business

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Florida Governor Rick Scott will visit Kentucky this month in an effort to recruit businesses to relocate or expand to Florida. 

About two years ago, Scott tried something similar. He sent letters to businesses in Kentucky inviting them to the Sunshine State. 

At the time, Gov. Steve Beshear called the letters a “crude method of recruitment.”

Kenny Colston with the left-leaning Kentucky Center for Economic Policy agrees. 

"Right to work laws don’t grow jobs," said Colston. "Not in manufacturing. Not in other sectors."

Colston disagrees with Scott’s main pitch to companies that Florida has a better business climate because it’s a Right to Work state.  Colston says he thinks the trip is a political stunt.

“You know this is attention seeking for one reason of the other," said Colston. "I don’t know the governor and I don’t know why he is coming here, but I know the last time he came here he got a pretty strong rebuke from our governor, Steve Beshear.”

Beshear doesn’t have nice things to say about Rick Scott’s latest recruitment effort, either. In a statement, he said Scott’s trip will be waste of time.

In what could prove the largest-ever merger in the insurance industry, Aetna has announced a $37 billion deal to acquire rival Humana.

The agreement, announced by the Hartford, Conn.-based Aetna, "would bolster Aetna's presence in the state- and federally funded Medicaid program and Tricare coverage for military personnel and their families," according to The Associated Press.

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A business research magazine has released its annual list of the Best and Worst states as favored by business executives, ranking Tennessee at number 4.  

“Chief Executive” surveyed over 500 leading CEOs across the country making measuring in three categories: tax and regulation, workforce quality, and living environment. That last category includes education, cost of living, affordable housing and crime rates. 

Texas took the top spot, followed by Florida, North Carolina and Tennessee, which was in the number 3 spot last year. 

CEOs say they picked the Volunteer state for its low taxes and Right-to-Work status calling it a hotbed for automotive manufacturers.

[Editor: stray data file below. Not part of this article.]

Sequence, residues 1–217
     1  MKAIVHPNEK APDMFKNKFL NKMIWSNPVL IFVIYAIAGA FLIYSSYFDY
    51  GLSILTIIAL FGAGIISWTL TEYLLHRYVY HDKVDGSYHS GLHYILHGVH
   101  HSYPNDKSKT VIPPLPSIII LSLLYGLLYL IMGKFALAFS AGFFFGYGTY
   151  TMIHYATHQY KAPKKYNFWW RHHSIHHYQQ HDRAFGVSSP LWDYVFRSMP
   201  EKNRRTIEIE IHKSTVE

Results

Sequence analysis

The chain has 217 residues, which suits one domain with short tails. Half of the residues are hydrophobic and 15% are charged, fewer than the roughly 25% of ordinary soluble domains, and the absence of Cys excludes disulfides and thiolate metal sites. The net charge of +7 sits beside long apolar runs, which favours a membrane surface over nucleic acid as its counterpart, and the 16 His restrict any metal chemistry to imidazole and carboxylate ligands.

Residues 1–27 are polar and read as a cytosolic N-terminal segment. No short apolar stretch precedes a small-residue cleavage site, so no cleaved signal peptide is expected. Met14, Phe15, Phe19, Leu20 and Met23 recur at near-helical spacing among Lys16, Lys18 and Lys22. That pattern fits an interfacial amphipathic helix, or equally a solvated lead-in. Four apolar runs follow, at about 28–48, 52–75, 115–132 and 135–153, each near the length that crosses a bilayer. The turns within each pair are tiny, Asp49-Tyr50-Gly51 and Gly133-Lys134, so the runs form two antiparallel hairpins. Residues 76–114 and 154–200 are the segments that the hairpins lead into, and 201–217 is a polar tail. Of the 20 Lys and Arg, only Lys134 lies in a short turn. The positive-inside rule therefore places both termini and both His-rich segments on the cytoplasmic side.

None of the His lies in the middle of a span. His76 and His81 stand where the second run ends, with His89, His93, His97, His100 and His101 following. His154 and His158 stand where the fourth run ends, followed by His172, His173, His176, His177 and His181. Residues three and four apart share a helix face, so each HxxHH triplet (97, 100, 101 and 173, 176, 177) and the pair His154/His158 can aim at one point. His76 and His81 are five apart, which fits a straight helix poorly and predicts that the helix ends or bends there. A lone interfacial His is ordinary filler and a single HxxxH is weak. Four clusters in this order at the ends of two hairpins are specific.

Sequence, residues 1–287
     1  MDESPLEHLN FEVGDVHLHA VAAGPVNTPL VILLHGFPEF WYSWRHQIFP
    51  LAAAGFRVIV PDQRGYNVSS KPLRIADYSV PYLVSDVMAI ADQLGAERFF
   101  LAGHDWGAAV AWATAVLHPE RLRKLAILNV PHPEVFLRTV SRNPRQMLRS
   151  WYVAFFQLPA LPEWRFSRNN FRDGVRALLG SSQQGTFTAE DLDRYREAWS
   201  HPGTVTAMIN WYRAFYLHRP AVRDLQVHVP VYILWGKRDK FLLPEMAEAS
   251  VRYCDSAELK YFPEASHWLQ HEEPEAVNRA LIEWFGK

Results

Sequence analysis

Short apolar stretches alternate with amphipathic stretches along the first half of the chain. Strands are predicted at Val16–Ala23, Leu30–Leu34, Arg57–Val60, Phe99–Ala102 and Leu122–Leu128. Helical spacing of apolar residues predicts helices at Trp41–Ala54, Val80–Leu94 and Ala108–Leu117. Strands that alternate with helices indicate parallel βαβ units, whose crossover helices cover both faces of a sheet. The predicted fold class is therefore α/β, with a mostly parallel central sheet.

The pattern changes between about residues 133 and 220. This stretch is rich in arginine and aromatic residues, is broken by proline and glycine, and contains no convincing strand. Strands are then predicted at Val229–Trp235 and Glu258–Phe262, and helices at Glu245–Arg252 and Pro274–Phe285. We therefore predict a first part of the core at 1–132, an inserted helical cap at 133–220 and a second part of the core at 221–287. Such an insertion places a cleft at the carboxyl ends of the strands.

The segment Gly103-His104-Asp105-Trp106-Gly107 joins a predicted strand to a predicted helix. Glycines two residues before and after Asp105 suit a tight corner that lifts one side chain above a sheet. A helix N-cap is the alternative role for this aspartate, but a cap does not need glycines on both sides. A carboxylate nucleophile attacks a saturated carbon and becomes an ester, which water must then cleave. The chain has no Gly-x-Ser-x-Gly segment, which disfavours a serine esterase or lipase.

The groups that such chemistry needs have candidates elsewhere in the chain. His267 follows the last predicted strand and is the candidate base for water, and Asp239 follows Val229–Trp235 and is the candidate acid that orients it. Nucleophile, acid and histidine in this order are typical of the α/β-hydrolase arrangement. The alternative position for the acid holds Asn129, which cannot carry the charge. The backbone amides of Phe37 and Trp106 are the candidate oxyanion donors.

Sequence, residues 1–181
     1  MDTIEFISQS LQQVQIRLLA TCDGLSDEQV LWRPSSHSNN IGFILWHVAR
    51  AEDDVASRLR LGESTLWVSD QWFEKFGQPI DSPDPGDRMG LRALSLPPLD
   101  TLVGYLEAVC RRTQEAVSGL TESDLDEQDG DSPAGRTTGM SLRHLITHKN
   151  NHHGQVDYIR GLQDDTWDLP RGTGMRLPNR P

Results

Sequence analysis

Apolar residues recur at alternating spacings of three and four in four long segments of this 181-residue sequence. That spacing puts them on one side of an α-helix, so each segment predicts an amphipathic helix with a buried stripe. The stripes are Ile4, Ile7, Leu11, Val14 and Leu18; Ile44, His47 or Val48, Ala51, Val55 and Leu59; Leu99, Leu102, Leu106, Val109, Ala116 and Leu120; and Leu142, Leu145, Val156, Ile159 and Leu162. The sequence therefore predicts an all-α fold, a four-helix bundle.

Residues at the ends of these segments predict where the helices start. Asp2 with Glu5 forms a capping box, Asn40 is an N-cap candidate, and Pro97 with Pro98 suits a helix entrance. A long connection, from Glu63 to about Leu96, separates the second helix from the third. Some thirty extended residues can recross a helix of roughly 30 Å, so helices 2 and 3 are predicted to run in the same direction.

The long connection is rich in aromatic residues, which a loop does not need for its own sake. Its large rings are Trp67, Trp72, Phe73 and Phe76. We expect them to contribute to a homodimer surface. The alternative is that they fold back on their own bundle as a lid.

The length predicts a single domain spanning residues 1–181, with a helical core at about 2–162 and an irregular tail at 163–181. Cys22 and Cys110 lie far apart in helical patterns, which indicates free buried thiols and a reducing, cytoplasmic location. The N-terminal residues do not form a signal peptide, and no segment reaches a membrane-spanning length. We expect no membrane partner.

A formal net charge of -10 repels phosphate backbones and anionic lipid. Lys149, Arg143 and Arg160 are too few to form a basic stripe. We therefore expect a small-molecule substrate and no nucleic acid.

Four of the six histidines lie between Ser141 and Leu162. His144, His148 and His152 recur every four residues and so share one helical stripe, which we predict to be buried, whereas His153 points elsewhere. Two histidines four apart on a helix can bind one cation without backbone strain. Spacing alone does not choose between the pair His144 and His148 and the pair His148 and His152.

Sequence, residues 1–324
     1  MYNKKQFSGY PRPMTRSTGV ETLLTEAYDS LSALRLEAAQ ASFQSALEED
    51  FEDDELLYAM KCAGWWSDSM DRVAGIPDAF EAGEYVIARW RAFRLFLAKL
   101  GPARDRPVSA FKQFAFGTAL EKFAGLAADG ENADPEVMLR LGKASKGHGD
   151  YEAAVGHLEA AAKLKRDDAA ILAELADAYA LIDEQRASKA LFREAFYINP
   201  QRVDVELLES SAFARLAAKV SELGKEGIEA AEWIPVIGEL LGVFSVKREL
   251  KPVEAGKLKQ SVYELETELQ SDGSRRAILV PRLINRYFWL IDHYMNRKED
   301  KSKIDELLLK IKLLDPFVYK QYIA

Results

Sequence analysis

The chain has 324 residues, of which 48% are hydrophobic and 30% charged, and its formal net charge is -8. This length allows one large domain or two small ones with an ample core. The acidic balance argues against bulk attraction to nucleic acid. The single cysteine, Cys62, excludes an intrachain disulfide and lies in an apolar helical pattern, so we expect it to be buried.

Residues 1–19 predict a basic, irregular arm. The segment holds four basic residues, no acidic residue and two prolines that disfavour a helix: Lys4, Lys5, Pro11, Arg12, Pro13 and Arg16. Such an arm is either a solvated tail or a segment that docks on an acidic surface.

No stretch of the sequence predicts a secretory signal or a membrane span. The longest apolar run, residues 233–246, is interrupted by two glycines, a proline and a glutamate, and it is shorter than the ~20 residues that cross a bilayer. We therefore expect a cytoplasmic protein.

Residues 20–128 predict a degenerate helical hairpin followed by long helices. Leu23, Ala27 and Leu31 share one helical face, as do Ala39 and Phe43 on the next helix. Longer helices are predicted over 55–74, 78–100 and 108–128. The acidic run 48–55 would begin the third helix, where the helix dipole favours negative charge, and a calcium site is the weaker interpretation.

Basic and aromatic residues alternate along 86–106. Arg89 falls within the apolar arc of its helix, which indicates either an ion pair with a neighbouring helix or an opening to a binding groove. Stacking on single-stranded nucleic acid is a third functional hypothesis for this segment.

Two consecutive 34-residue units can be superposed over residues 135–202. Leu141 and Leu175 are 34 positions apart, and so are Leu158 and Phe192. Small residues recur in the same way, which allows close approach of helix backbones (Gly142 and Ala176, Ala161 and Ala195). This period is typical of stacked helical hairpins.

Kentucky ranked in at 28 with CEOs noting a high-value living environment, but concern about tax and strong regulatory policies. 

Illinois maintained its rank amongst the worst states at number 48.  

See a full-listing of Chief Executive rankings here

Angel's Envy

International spirits company Bacardi Limited has made its entry into the booming bourbon market with the purchase, announced today, of a Louisville-based bourbon maker.

Bacardi is the new owner of Angel’s Share Brands. The company includes the popular Angel’s Envy bourbon, developed by the late Lincoln Henderson and his family. Henderson was a longtime master distiller for Brown-Forman Corporation.

Angel’s Envy is currently distilled off-site and aged in port wine barrels.

This past January, the Republican-led Kentucky Senate did what it does just about every year: It passed a statewide right-to-work bill.

Keeping with tradition, when the bill arrived at the Democratic-controlled House, it died.

For decades, Democrats have rejected efforts to allow employees in unionized companies the freedom to choose whether to join a union.

Now, the battle has shifted from the statehouse to individual counties.

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Louisville is one of 21 communities across the U.S. committing to increasing access to high tech jobs, city officials said Monday.

The city’s effort is part of a larger federal initiative announced Monday aimed at getting Americans to fill the increasing number of vacant information technology jobs in the U.S.